BOSTON (CBS) – There are so many excuses I have heard why people don’t save for retirement. The recent college grads and those who don’t have jobs have legitimate excuses, but the rest of you don’t have any excuses for not saving.

If you are working you should be saving for retirement. Some of the best excuses I have heard: “I will wait until the economy is in better shape. I will wait until I get married so we can do it together. I will wait until after I buy a house. I will wait until I have my credit card debt paid off. I will wait until the kids are through college. I will wait until I have more money. I will wait until I am older.”

No excuses allowed here. Retirement planning should start with your first job. Your very first job! You may not have a lot of money to contribute to the plan but it always amazes me how much you can accumulate if you start early. Why? Because you have time on your side. A very long time!

For example, if you start with your first job at age 22 and you are able to put away $1,000 a year for the next 45 years until you are 67 and able to collect your full Social Security benefit, and we assume a 8% return which is doable over 45 years, you could have close to $500,000 in your nest egg. Not bad!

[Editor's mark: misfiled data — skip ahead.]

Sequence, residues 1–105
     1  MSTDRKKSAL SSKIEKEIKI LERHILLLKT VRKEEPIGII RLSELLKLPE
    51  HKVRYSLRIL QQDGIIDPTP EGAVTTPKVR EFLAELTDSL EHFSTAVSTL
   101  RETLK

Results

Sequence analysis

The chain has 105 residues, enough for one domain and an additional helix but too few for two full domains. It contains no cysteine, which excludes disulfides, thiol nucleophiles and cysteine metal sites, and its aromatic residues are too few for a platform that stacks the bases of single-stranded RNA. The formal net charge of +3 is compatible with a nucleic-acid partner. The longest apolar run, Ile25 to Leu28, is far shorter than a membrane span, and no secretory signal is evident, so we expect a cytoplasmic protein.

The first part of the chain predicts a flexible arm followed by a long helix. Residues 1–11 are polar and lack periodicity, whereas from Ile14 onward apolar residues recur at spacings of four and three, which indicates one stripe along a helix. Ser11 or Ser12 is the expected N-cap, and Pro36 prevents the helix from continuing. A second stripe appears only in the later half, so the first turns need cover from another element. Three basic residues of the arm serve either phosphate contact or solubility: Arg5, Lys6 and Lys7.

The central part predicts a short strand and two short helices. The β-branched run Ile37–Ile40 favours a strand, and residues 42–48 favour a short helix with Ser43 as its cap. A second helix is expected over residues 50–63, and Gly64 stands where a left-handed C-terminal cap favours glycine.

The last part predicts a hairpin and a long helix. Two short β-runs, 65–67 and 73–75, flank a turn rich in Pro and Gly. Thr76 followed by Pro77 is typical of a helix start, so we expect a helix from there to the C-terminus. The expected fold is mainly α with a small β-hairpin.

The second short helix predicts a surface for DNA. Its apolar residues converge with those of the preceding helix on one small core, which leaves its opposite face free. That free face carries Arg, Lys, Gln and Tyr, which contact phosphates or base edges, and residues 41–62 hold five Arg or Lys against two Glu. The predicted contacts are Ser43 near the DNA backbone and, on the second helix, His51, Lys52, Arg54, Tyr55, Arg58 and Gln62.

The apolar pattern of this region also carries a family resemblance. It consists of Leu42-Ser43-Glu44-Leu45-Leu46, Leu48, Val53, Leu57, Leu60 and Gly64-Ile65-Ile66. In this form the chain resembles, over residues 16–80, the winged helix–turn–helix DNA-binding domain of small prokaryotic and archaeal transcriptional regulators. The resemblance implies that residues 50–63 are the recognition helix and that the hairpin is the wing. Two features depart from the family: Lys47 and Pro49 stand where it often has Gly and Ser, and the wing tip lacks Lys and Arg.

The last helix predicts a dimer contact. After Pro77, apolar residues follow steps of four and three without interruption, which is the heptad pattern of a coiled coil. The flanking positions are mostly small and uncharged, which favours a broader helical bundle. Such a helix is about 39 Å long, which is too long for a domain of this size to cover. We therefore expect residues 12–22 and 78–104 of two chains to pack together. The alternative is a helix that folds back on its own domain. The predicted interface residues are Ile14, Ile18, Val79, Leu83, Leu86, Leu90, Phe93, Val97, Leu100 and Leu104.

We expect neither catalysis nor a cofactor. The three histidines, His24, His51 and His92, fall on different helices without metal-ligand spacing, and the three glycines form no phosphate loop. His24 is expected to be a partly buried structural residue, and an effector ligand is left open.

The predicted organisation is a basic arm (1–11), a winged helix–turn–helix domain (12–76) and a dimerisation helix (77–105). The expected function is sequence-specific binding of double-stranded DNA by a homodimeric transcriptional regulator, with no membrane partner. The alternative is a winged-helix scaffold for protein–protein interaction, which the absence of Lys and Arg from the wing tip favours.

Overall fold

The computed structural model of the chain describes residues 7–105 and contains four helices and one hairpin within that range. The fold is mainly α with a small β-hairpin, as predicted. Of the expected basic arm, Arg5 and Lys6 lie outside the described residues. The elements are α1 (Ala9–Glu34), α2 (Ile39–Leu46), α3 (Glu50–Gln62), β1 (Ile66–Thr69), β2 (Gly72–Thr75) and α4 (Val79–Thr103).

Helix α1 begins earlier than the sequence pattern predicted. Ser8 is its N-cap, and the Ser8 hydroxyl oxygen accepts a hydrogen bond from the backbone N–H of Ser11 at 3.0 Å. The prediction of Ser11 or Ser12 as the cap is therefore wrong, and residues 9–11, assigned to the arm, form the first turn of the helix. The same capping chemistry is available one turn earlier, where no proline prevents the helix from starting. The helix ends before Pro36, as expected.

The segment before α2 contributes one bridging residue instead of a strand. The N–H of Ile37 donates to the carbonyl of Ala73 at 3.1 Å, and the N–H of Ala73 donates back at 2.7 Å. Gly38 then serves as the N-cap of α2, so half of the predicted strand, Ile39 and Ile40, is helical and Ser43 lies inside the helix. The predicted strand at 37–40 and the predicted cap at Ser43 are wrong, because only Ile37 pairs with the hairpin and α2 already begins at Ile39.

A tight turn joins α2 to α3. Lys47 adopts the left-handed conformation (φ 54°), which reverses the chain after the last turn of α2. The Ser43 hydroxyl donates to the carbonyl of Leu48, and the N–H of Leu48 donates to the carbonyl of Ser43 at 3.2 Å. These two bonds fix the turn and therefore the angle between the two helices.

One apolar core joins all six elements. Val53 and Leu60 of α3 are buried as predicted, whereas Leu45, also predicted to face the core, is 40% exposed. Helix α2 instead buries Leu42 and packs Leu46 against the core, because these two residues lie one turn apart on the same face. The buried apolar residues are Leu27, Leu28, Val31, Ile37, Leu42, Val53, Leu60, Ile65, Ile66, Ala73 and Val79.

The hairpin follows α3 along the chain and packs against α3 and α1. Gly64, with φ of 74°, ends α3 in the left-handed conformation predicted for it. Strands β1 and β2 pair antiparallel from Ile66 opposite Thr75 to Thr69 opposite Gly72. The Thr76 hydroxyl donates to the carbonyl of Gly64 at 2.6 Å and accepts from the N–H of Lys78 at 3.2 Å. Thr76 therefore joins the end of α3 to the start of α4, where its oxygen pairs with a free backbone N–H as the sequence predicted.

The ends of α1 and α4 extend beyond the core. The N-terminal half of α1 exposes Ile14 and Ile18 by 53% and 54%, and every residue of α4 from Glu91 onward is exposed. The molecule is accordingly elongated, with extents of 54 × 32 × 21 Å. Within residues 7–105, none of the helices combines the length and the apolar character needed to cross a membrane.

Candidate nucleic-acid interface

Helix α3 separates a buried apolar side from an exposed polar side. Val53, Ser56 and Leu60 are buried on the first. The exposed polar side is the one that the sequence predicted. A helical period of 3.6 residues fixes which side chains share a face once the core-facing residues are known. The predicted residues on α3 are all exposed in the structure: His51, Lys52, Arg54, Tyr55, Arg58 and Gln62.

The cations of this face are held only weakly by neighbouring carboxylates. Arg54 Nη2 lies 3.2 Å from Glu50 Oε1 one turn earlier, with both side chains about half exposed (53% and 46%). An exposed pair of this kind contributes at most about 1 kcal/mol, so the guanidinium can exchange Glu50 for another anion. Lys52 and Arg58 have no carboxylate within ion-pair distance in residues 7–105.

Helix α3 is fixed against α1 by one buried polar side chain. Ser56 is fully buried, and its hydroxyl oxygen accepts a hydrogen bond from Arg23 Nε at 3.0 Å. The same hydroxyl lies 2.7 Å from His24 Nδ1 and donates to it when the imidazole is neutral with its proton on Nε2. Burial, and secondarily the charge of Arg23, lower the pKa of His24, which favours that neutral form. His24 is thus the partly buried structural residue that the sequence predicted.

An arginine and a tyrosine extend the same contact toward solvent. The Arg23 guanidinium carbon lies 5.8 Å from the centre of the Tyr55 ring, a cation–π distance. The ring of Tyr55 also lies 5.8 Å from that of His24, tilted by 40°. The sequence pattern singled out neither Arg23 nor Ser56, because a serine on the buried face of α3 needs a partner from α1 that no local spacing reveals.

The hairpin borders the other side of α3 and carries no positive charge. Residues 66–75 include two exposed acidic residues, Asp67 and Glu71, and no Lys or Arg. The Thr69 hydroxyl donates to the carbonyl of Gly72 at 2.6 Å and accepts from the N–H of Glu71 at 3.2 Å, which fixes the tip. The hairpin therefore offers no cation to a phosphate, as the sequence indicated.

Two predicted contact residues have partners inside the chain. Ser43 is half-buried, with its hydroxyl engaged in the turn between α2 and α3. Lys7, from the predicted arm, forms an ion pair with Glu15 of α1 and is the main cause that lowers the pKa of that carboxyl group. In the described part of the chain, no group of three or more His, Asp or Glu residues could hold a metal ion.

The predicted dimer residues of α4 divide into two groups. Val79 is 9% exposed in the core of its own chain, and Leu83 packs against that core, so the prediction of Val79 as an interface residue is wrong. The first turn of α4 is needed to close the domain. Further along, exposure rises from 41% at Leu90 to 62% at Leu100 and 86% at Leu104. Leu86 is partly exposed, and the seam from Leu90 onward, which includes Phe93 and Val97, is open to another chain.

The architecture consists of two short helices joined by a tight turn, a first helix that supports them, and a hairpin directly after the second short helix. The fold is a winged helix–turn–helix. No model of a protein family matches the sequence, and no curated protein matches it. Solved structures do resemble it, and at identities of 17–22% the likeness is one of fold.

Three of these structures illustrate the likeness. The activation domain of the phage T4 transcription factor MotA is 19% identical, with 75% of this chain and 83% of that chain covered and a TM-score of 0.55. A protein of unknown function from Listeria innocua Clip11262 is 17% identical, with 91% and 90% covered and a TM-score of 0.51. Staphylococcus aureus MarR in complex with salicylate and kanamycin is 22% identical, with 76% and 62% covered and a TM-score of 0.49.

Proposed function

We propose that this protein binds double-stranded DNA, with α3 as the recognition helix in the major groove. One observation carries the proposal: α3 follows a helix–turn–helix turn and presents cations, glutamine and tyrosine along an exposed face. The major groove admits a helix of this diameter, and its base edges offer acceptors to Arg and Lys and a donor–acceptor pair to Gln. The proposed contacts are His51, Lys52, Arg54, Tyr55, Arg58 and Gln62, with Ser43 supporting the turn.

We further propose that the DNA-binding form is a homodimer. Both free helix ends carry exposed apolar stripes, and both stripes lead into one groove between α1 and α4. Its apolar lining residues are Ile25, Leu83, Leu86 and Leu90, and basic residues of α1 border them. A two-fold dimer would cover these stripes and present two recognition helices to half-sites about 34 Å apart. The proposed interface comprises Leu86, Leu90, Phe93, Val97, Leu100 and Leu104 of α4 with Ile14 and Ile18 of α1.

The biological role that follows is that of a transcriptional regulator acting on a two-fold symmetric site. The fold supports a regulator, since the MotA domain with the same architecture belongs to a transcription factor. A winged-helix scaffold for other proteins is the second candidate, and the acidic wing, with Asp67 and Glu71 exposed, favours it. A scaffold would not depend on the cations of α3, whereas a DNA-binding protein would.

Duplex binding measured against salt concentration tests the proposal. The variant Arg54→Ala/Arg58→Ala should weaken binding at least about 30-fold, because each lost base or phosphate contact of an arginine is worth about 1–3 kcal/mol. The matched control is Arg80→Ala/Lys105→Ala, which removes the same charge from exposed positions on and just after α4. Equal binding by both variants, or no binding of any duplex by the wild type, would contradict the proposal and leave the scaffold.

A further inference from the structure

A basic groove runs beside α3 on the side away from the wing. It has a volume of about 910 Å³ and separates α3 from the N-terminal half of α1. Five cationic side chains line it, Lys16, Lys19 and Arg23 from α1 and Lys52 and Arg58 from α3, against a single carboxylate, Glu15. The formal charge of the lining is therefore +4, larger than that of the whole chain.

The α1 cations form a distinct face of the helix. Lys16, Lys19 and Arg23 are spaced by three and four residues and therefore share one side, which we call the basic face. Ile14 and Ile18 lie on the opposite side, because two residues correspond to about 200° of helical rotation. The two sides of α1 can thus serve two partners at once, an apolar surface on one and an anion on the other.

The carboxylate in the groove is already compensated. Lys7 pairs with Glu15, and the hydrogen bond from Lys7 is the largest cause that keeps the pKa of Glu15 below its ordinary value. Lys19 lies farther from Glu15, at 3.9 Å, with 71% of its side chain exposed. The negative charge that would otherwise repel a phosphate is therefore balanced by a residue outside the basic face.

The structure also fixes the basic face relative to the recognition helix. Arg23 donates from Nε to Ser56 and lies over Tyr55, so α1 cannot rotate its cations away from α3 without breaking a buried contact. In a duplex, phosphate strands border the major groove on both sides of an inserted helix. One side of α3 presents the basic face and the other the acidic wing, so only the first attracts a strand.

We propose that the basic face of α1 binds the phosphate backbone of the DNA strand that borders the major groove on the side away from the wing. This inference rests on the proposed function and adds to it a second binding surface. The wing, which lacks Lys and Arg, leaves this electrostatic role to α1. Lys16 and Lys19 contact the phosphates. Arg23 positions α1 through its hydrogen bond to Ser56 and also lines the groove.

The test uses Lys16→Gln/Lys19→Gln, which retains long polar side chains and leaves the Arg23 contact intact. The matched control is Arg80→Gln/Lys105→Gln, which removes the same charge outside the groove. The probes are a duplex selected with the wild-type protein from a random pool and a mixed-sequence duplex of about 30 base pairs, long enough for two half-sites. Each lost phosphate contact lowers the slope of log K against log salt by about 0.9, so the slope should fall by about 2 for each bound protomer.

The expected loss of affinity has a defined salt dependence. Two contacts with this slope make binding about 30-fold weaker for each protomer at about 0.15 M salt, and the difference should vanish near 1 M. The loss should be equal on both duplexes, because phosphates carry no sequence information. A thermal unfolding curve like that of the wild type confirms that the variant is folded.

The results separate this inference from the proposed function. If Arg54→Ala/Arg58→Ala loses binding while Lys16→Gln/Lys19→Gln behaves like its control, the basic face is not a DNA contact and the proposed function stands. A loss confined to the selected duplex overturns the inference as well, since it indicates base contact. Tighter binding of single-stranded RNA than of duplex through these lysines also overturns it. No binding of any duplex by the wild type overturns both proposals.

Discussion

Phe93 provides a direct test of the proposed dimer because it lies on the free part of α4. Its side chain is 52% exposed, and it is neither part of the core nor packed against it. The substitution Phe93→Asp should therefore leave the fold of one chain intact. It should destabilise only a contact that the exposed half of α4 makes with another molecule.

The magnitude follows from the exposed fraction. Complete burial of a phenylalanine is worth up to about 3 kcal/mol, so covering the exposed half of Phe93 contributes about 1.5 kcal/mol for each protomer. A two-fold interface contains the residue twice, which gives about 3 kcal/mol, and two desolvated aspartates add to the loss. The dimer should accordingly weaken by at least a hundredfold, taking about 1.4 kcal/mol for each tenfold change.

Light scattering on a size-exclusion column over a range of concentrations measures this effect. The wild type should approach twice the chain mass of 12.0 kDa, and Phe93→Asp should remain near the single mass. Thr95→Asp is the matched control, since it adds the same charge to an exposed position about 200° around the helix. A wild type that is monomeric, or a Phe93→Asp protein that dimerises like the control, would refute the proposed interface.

But what if every time you get a raise you share that raise with your retirement plan? Well in 45 years you could have over $1 million in that account. That’s not shabby and what that means is you won’t have to work at Walmart as a greeter to supplement your Social Security income unless you want to.

So what will it take to save that $1,000 a year? What can you do differently to save some bucks? Pack your lunch: Save on average at least $4 a day, that’s $20 a week. A $1,000 for the year. There it is!

Make coffee in the morning at home. You can still have your Dunkin’ Donuts coffee, but now you buy it by the pound instead of the cup. You can also get the Dunkin’ Donuts K-cups now.

Eat breakfast at home before you leave for work. Cook dinner at home instead of doing take-out! That’s another biggie!

Borrow DVDs, books and music from the library. Use public transportation, pump your own gas, visit mom on Sunday and eat free. I just had to throw that one in! That’s what my kids used to do and they took home the leftovers for lunches!


You can hear Dee Lee’s expert financial advice on WBZ NewsRadio 1030 each weekday at 1:55 p.m., 3:55 p.m., and 7:55 p.m.

Subscribe to Dee’s Money Matters newsletter here.


Leave a Reply

Please log in using one of these methods to post your comment:

Twitter picture

You are commenting using your Twitter account. Log Out / Change )

Facebook photo

You are commenting using your Facebook account. Log Out / Change )

Google+ photo

You are commenting using your Google+ account. Log Out / Change )

Connecting to %s

More From CBS Boston

Opioid Crisis
Download Our App